Cliff Avril's persistent pressure pays off against Peyton Manning
Cliff Avril had a major impact on Seattle's defense on Sunday. Just like he might have thought.
EAST RUTHERFORD, N.J. -- Cliff Avril didn't expect to win the Super Bowl XLVIII MVP award, mostly because he didn't record any sacks. And he was right. That honor went to an unlikely candidate in Malcolm Smith, who returned a Peyton Manning interception 69 yards for the score and later recovered a Demaryius Thomas fumble.
But the man who caused Manning to throw that interception, the man who broke up two passes and made three tackles and, generally speaking, made life difficult for the Broncos offensive line on Sunday wasn't disappointed about that.
Instead, he was content to reflect on how much Seattle's defensive line affected Manning en route to Seattle's 45-8 win.
"I don't know if we got inside his head, but we were consistent with putting pressure on him, consistent with getting hits on him," Avril said. "No quarterback likes that. Once they start thinking about the rush instead of your defensive backs, you'll get turnovers and you'll make plays."
That's what happened with Manning, who threw two interceptions despite completing 34 of 49 passes for 280 yards and a touchdown. He never looked comfortable, and he never looked all that accurate either.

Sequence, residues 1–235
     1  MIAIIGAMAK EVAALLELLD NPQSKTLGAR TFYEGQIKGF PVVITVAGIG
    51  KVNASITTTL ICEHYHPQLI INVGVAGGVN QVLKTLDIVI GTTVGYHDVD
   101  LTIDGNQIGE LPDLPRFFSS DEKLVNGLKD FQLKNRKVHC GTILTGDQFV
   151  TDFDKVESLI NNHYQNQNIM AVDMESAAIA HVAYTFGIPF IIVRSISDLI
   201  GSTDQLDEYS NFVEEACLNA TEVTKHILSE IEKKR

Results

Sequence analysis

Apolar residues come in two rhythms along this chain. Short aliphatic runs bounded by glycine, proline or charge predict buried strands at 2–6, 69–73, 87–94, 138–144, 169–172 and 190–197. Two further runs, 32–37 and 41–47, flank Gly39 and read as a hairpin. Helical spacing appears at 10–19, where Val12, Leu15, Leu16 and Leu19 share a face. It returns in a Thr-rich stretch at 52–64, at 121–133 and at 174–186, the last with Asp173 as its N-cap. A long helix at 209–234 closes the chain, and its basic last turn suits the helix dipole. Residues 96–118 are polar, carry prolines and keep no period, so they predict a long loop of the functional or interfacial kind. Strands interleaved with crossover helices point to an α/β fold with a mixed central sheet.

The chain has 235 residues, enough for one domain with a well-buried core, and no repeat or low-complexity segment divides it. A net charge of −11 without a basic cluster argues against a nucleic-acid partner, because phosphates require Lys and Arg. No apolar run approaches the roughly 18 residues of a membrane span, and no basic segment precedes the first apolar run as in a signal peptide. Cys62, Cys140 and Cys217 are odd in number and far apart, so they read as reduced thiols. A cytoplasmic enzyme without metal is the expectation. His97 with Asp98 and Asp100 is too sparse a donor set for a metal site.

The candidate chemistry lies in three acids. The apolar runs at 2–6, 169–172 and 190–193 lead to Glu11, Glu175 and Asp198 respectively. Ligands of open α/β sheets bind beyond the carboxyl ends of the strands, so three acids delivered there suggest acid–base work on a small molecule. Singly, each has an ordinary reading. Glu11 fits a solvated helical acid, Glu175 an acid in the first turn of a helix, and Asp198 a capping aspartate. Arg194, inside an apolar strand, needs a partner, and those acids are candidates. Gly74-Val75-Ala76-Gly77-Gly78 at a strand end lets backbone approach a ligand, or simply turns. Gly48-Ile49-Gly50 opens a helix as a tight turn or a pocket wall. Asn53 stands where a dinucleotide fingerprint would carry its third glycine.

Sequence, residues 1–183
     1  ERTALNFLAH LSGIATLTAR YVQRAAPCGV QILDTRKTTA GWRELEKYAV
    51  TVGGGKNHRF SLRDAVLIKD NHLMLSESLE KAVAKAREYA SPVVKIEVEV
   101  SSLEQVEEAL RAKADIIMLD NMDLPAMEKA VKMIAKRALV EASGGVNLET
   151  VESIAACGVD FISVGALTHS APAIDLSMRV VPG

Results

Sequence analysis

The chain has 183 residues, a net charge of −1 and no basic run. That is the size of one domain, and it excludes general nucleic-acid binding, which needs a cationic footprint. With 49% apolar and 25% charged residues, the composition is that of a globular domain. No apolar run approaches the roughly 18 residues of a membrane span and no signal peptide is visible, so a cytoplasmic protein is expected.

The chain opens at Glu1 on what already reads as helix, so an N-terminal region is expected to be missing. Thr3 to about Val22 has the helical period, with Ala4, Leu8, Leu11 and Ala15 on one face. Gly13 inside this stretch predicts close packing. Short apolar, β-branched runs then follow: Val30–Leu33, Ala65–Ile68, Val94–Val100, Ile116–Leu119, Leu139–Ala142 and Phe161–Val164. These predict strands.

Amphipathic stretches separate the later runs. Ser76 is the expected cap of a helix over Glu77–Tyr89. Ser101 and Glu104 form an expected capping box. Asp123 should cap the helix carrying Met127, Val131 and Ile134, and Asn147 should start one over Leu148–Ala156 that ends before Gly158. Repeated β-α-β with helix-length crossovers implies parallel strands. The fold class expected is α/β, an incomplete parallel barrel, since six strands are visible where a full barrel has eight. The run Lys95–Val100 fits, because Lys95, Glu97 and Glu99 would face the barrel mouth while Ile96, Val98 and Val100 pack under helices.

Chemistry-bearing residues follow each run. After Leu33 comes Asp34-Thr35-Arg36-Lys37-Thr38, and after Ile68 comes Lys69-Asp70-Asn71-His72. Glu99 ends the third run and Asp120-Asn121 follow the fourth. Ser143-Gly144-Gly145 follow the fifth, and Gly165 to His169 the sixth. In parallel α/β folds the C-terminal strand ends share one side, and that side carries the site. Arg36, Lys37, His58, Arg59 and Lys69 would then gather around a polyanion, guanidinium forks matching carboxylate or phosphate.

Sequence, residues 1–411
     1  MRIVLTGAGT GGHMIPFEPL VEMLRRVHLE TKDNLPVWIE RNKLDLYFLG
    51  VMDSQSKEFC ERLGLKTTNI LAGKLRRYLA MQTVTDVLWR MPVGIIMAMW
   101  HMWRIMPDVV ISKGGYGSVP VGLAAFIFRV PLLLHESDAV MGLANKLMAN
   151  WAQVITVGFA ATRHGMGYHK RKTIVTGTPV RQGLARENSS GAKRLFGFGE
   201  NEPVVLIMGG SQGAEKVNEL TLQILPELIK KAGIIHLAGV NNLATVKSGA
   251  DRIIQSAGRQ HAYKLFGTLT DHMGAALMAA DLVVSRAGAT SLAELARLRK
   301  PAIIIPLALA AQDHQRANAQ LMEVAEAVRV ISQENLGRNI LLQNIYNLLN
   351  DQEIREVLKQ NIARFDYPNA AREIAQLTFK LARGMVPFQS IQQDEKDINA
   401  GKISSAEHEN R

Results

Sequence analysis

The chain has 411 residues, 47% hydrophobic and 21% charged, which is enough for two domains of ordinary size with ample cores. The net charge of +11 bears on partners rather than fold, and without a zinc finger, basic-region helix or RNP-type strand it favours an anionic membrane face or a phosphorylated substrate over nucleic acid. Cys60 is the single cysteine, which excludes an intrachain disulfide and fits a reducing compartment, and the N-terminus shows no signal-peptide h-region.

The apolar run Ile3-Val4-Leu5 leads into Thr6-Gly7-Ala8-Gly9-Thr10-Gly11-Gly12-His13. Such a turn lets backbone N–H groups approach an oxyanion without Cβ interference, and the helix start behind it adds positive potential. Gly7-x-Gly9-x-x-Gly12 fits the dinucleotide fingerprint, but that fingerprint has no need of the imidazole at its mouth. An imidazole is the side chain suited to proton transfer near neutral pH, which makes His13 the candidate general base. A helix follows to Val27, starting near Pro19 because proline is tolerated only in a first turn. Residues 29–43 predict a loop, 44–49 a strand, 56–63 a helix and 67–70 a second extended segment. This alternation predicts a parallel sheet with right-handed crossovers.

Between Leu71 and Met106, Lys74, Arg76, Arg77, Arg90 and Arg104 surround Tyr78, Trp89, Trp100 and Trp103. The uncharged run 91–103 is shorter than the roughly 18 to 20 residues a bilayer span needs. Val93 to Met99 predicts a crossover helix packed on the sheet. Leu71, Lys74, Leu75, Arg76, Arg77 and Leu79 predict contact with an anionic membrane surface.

And when Avril hit him when Manning was in the process of throwing the ball, the ball ended up in Smith's hands, where he did this.
"We're the best defense ever," said Michael Bennett. "We could have played anybody today, and we would have done the same thing."
That's a little boisterous, but there isn't much doubt that the Seahawks' decision to sign Avril and Bennett in the offseason were sensational free-agent moves. Though neither were going to take as many snaps as they had for their previous squads -- Avril in Detroit and Bennett in Tampa Bay -- they decided to take a chance with Seattle for relatively cheap-money contracts.
Which is why it made sense that Bennett walked by Avril's post-game podium and opined rather loudly that both men needed raises.
"It was definitely putting pride aside," Avril said. "You go from playing the majority of the snaps [in Detroit], and now you're only getting 50 percent of snaps. It took some getting used to. But we put our pride aside and saw the big picture, which was getting here. It was an easy transition. If I could do it over again, I'd do it the same way."
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